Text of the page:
Halftime Report: Knicks 56, Celtics 53

Who said Avery Bradley's return could bolster the Celtics' perimeter rotations? For the Knicks, that didn't matter. They showed why they're the NBA's fourth-best team in 3-point shooting percentage (38.8 entering Monday night). In most of the first half, with Jason Kidd and J.R. Smith (14 points) in the backcourt, the Knicks moved the ball tremendously.

They finished 10-for-17 (58.8 percent) from beyond the arc, which helped them maintain their lead. Smith and Steve Novak had three long balls each. The Celtics caught up late in the second quarter with 3-pointers from Paul Pierce (15 points) and Jeff Green (nine).

Here are four other main observations at the half:

1. Carmelo Anthony's low first quarter. Melo entered tonight with a league-leading 9.9 points average in first quarter. Against the Celtics, he only scored one point in the opening period -- his lowest point total this season. But he did have two assists early on, both to Tyson Chandler on inside feeds. For the half, he had 10 points.

2. Tyson Chandler's slip 'n slides. One of Chandler's most underrated abilities is his timing with his slips to the basket off screens, and finishing around the rim. The starting center had seven points early on, including an above-the-rim, one-handed dunk.

3. Amar'e Stoudemire's activeness. Not only did he check into the game a little earlier tonight with 7:16 to play in the first quarter, but he appeared to move his feet better on offense and defense. Offensively, he ran the court well on a fast break opportunity and nearly finished a one-handed flush. He got fouled and made both free throws.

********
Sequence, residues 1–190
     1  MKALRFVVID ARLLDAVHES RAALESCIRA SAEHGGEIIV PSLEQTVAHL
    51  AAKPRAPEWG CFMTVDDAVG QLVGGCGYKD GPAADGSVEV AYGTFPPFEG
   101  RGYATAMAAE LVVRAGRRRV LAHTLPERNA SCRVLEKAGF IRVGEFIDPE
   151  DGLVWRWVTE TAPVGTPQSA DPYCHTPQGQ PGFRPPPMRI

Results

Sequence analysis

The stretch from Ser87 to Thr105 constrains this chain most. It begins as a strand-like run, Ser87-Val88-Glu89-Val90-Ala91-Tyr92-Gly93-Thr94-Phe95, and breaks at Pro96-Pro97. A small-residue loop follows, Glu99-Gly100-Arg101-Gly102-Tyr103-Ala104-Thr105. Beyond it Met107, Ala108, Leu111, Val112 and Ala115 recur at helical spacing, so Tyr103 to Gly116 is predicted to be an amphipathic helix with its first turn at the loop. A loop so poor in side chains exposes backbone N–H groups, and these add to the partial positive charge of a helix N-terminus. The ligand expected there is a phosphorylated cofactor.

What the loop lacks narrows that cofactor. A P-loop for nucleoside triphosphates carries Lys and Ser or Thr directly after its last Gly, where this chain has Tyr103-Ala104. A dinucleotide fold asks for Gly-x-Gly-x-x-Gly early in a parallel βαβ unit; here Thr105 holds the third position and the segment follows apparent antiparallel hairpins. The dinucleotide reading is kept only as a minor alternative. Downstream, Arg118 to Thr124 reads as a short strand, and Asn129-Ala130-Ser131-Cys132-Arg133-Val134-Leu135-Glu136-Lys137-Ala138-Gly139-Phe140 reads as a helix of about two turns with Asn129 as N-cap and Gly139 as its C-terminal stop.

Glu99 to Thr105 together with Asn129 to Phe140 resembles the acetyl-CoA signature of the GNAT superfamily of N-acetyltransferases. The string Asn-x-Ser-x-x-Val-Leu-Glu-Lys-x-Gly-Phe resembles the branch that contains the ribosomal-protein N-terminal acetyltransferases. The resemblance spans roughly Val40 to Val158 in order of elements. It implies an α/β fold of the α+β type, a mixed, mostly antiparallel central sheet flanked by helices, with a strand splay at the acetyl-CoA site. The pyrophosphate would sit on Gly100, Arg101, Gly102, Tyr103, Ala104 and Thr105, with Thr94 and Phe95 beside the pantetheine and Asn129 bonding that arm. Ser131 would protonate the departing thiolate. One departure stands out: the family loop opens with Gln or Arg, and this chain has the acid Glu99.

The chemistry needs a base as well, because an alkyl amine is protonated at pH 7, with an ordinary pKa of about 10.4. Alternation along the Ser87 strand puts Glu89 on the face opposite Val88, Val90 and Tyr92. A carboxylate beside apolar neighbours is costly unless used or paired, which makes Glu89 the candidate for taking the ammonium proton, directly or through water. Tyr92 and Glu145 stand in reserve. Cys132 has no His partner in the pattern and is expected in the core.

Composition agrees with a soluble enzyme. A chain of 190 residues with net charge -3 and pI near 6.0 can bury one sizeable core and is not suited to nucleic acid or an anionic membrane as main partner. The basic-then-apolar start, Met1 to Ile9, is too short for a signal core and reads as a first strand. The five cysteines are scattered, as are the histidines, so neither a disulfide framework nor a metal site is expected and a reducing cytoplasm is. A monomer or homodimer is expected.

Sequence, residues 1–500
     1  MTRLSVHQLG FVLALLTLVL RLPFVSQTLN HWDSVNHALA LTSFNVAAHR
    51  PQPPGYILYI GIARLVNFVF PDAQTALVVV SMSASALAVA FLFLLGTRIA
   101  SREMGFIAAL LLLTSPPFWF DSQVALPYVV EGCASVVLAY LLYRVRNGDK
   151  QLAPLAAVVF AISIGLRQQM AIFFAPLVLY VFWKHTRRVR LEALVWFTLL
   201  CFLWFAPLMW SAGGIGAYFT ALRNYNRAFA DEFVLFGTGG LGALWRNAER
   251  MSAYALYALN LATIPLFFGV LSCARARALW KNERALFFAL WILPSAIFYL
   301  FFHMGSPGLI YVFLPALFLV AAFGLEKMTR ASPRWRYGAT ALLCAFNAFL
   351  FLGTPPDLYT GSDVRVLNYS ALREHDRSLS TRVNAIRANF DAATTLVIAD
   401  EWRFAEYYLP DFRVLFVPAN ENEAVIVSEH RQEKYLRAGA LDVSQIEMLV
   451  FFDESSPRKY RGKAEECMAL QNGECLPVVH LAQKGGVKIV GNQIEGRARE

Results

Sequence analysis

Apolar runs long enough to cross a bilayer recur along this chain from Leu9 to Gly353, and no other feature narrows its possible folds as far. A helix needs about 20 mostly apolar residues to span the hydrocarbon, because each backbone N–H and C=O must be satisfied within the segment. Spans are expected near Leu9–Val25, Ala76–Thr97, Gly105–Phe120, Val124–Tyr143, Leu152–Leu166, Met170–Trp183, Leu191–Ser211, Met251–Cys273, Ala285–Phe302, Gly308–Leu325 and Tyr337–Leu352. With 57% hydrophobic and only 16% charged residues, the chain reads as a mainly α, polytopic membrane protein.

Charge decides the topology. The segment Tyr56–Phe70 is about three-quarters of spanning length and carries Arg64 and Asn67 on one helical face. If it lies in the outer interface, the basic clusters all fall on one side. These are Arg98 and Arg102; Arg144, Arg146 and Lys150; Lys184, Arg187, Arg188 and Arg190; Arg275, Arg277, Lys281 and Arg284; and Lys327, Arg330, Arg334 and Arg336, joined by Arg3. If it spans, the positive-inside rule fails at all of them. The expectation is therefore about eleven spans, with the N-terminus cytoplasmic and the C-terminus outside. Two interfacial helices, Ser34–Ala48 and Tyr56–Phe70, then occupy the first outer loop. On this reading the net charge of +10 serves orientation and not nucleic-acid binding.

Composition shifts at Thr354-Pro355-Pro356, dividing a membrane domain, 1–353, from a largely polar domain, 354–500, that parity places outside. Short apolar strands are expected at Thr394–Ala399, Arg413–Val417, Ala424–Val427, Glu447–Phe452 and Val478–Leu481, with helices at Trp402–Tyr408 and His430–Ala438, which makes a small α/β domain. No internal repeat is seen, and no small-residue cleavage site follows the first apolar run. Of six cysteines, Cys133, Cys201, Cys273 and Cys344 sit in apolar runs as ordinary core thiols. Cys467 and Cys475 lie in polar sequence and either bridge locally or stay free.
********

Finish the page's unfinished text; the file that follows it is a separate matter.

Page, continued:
Then, in a halfcourt possession, when Kidd dribbled to the right, taking the defense with him, Stoudemire -- in one of his favorite off-the-ball moves -- floated from the left baseline corner to the corner for a jumpshot. Defensively, he didn't allow Brandon Bass to score, but he did make a big mistake leaving Pierce wide open from downtown late in the second period.

4. Pablo Prigioni's poor playmaking. In the upper part of the first quarter, the Knicks' perimeter rotations were on point, as they frustrated Bradley and Jason Terry to get deep penetration. So they had to resort to feeding Kevin Garnett in the post, and they were left playing at a slower pace. Outside of Garnett's eight opening-period points, none of his teammates could make a field goal -- until Prigioni checked into the game with 4:58 to play.

Here's how:

From then on, the Knicks only scored one field goal -- a Novak 3-pointer -- the rest of the first quarter. The biggest problem was that Prigioni could not get deep penetration, which then made Smith the main ball-handler. While Smith got into the lane better, the Knicks settled for too many jumpshots, which they missed.

Those long rebounds then turned into quick transition opportunities for the Celtics, who finished the first quarter with six fast break points. That's when other Boston players scored besides Garnett, making it a game. On the flip side, Kidd pushed the ball much better, attacked lanes stronger and made great skip passes to shooters in the corners.

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